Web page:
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Maj. Gen. Harold Greene (Army)
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The first American general officer to be killed by hostile fire in combat since Sept. 11 has been identified as Maj. Gen. Harold Greene.
Greene died in an apparent insider attack Tuesday at The Marshal Fahim National Defense University in Kabul, Afghanistan.
"Our thoughts and prayers are with Maj. Gen. Harold J. Greene's family, and the families of our soldiers who were injured today in the tragic events that took place in Afghanistan," Army Chief of Staff Gen. Ray Odierno said in a statement on Tuesday. "These soldiers were professionals, committed to the mission. It is their service and sacrifice that define us as an Army."
Greene was the deputy commanding general of Combined Security Transition Command-Afghanistan.
CSTC-A, along with the NATO Training Mission-Afghanistan, is primarily responsible for training and advising the Afghan National Security Forces.
Both organizations are commanded by US Army Lt. Gen. Kenneth Tovo.
Before this assignment, Greene was deputy for acquisition and systems management in the office of the assistant secretary of the Army for acquisition, logistics and technology at the Pentagon.
Greene was commissioned in 1980 as an engineer officer, according to his bio during his time in the Pentagon. He held a doctorate in materials science, master’s degrees in engineering, and a master’s in strategic studies.
He served at all levels of the Army, serving in places such as Fort Polk, Louisiana; Germany; Fort Leonard Wood, Missouri; and Natick, Massachusetts.
“When the Army lost him, they lost a real giant,” said retired Maj. Gen. Robert Scales about his friend Greene.
Greene was focused on making soldiers’ lives better through technology, said Scales, who worked with Greene at Natick.
“Whether it was [improvised explosive devices] or soldier protection or intelligence and surveillance, he always had a tactical view of research and development and acquisition,” Scales said. “When he was at Natick, he had a real sense of what was important. Harry was always the one who always understood the tactical needs of the close-combat soldiers.”
Scales, a Silver Star recipient for his actions in Vietnam who served as commandant of the Army War College before retiring, called Greene “a fellow traveler.”
“I admired him enormously,” he said. “Harry was always sort of an icon. My sense was that Harry was bound for higher things.”
On a personal level, Greene was laidback and funny, and “he didn’t come across as the engineering egghead that some of them are,” Scales said.
“He was just very level, down-to-earth,” he said. “It’s just devastating that you’ve got this great genius with this incredible reputation and education, and some Islamist wacko comes in and fires a 10-cent bullet and Harry’s life is over. There’s a certain unfairness in life that war brings.”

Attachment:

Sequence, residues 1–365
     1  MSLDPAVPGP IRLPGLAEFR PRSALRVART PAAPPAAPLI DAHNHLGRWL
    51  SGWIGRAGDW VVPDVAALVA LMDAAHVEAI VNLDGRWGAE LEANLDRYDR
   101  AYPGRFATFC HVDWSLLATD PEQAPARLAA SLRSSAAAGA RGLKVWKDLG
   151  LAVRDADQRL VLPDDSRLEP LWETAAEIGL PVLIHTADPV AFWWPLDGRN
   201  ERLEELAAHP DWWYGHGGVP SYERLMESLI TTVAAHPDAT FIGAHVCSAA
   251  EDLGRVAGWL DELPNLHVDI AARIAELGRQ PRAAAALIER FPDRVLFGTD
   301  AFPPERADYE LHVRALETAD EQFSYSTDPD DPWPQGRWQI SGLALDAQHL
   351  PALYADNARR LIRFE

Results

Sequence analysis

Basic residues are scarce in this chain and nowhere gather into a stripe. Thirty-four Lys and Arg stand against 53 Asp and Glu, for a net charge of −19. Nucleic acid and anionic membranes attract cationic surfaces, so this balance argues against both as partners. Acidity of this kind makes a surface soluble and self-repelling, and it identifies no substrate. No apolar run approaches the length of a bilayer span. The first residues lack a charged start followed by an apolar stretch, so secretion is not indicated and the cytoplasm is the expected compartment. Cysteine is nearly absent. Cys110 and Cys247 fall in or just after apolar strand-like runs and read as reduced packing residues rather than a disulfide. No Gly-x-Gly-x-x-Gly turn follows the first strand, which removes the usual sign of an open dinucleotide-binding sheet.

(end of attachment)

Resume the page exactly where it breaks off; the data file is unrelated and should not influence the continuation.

Tuesday’s attack was carried out by an Afghan man dressed in a military uniform.
Up to 15 people were wounded in the shooting, including US troops. A German brigadier general also was reportedly wounded.
Greene is the highest-ranking service member killed in the wars in Iraq and Afghanistan.
One brigadier general has died in support of Operation Iraqi Freedom and Operation Enduring Freedom: Army Brig. Gen. Terrence J. Hildner, who died on Feb. 3, 2012, in Kabul of natural causes. At the time, he was the highest-ranking officer to die while serving overseas.
On Sept. 11, 2001, Army Lt. Gen. Timothy J. Maude was killed in the terrorist attack on the Pentagon.
Ten colonels also have died in Iraq and Afghanistan. Five of those deaths were hostile — two died in IED explosions, one from small-arms fire, one from indirect fire and one in a suicide car bomb attack.
Many of those wounded in the attack suffered serious injuries, Pentagon spokesman Rear Adm. John Kirby said on Tuesday. The assailant, believed to have been a member of Afghan security forces, was killed. The incident will be jointly investigated by NATO and Afghan authorities.
Kirby did not know if the gunman chose his victims at random or if he specifically targeted the general officer and others.
Tuesday’s incident could be the largest “insider attack” of the Afghan war. On April 27, 2011, an Afghan colonel killed eight airmen and a contractor at Kabul International Airport.
Asked why the US military has not been able to eliminate the threat of insider attacks, Kirby replied: “Afghanistan is still a war zone. It’s impossible to completely eliminate that threat, particularly in a place like Afghanistan, but we can work hard to mitigate it and minimize it and [the International Security Assistance Force] has done that.” ■